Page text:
In my opinion, there’s much too much attention at the moment on the tools part of the rapid e-learning question. There’s no doubt that rapid e-learning is a growing area in nearly all corporates, and much of the current debate is about tool selection. But Elearnity’s research doesn’t endorse this. Yes a bad tool will be a barrier, but a good tool is not a guarantee of success. The biggest issues are around process and expertise rather than tool. And by process I mean the whole process, not just the development task.
Rapid e-learning for most companies is part of what I described as the diversifying of e-learning. It is about collapsing the supply-chain for e-content and pushing it closer to the subject expert, either directly with them doing it, or with someone they can work with closely. To do that you need tools than can be used by non-e-learning specialists, and you need to create valid learning, and that is the challenge. Companies have comprehensively proved with PowerPoint that they can generate tons of presentation materials, but how much of it is high-quality learning? Rapid tools can aggravate that problem further – especially if the people producing it don’t have instructional expertise or understanding. They may know about the subject matter, but do they understanding “learning”?
Content is only useful if its accessible and usable, and if its valid. There are big challenges for organisations with many people creating content, but then trying to push it through a narrow pipe (called their e-learning team) to get it loaded onto the corporate LMS.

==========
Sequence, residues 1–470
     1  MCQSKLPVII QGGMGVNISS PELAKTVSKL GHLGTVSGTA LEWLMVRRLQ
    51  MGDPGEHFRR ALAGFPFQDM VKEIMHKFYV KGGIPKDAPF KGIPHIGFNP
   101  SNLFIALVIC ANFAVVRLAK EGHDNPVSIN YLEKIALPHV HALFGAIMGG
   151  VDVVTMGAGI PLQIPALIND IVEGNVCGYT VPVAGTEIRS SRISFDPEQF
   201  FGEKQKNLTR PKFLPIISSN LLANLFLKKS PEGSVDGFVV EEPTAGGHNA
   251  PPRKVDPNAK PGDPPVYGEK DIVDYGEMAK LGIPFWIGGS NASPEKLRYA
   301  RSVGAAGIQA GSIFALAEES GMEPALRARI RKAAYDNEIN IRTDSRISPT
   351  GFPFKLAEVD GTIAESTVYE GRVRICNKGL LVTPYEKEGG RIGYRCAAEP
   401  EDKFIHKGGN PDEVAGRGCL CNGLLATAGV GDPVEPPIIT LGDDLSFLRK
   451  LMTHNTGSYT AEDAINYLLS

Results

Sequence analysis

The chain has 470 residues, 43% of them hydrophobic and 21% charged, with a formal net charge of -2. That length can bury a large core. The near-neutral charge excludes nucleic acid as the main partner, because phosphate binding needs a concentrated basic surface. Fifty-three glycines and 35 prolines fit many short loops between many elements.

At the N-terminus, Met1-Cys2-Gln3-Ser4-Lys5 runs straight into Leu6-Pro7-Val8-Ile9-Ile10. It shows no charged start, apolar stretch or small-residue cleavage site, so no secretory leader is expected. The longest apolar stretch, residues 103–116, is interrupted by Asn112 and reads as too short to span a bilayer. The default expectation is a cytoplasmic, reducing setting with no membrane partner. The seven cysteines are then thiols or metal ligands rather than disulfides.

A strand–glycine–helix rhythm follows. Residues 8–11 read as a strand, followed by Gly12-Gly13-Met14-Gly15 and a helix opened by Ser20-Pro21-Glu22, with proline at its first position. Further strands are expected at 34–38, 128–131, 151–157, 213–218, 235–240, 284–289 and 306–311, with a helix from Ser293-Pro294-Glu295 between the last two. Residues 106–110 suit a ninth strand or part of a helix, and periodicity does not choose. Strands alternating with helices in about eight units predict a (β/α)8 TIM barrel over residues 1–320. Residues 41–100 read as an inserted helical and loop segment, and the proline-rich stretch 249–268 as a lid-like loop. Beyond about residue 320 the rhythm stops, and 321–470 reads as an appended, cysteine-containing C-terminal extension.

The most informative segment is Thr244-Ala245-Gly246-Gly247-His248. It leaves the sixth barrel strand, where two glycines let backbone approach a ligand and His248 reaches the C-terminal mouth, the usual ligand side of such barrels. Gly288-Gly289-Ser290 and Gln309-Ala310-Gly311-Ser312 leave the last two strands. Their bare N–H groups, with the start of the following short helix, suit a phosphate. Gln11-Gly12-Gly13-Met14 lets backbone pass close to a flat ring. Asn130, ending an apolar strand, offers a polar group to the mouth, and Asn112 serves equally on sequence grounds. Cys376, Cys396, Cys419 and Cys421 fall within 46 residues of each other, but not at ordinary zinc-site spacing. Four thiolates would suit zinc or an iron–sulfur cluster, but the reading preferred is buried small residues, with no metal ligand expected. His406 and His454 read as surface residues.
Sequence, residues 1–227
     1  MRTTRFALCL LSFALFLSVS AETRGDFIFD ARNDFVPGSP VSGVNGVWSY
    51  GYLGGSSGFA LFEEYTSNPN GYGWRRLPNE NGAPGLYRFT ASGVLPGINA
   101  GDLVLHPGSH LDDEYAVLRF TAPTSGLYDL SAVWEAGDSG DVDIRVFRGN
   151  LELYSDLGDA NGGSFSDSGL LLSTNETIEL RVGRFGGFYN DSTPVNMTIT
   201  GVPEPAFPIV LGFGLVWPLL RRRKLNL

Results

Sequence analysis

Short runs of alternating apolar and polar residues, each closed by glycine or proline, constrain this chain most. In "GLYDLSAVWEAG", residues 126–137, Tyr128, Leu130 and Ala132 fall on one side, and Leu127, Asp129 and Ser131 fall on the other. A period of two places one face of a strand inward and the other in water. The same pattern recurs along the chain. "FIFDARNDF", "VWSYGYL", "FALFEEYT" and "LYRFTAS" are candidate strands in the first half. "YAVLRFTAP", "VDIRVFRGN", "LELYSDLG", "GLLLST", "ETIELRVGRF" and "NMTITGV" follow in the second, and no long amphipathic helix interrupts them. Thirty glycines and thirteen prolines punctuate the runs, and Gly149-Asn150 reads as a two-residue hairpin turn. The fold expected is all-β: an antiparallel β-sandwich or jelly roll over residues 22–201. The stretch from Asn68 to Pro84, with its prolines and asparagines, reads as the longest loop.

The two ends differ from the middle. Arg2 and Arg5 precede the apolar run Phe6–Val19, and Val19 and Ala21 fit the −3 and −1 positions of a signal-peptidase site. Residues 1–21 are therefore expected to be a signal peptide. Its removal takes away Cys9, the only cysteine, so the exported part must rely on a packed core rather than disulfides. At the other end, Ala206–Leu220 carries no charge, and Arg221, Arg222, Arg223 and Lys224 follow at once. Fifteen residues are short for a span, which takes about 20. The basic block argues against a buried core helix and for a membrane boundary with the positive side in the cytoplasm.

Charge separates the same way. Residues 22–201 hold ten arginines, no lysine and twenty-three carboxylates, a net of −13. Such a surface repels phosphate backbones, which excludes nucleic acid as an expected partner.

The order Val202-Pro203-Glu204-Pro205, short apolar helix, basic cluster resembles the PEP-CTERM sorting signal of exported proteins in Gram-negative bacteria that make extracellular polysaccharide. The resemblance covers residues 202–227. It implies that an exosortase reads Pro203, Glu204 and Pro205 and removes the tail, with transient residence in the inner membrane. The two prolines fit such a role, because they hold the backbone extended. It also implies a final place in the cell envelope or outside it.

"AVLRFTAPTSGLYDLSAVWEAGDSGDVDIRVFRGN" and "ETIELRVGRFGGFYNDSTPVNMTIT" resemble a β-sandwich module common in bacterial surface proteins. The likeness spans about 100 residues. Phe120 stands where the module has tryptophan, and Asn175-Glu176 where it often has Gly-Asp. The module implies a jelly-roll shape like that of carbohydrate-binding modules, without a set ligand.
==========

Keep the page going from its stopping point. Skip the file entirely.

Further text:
In short, rapid e-learning concepts are an important part of the diversification of e-learning, and have a real role to play in enabling local content creation. But they are part of a much larger story, and the short term exclusive focus on tools is misplaced.
There is a good deal of talk about how a VLE/intranet can facilitate informal learning. Do you feel that the potential of technology is being explored by organisations in this respect?
Informal learning emerged last year as a big topic amongst the market commentators, but I don’t think it has really impacted mainstream corporate thinking yet. Some of the leading corporates have been publicly talking about it, but most organisations are still focusing on their formal learning agenda. I don’t expect this to change much this year, but maybe it will become more of an explicit issue in 2008 and beyond.
I do think that technology has a role to play with informal learning, but we need to understand what we mean by informal first. This is where all the discussion of “80% of all learning is informal” starts getting a bit vague. For example, is coaching formal or informal? Is spending some time with a colleague to learn how to do something, formal or informal? Is accessing some performance support materials live in the work process, formal or informal? A lot of learning in companies is not managed or tracked by L&D but that doesn’t make it informal. It can very structured, and facilitated or delivered by professional training staff or coaches, but it isn’t described centrally as a formal programme or course.
Technology can clearly help facilitate informal processes of learning, both through search and through access to content and to people. Arguably the biggest learning tool on the planet is called the Internet, and one of its main LMSs is called Google, but that’s not how people think about it. Adoption of more informal thinking internally within companies, coupled with tools for live collaboration will be the start. But I also expect to see more pressure on integration of learning processes and content with work processes and content. At the moment they tend to be pretty distinct in most companies, but informal learning will blur the boundaries. At the back-end, this will also mean growth in content management and integrated search as well.
How have technologies such as podcasting, wikis etc added to the potential of e-learning?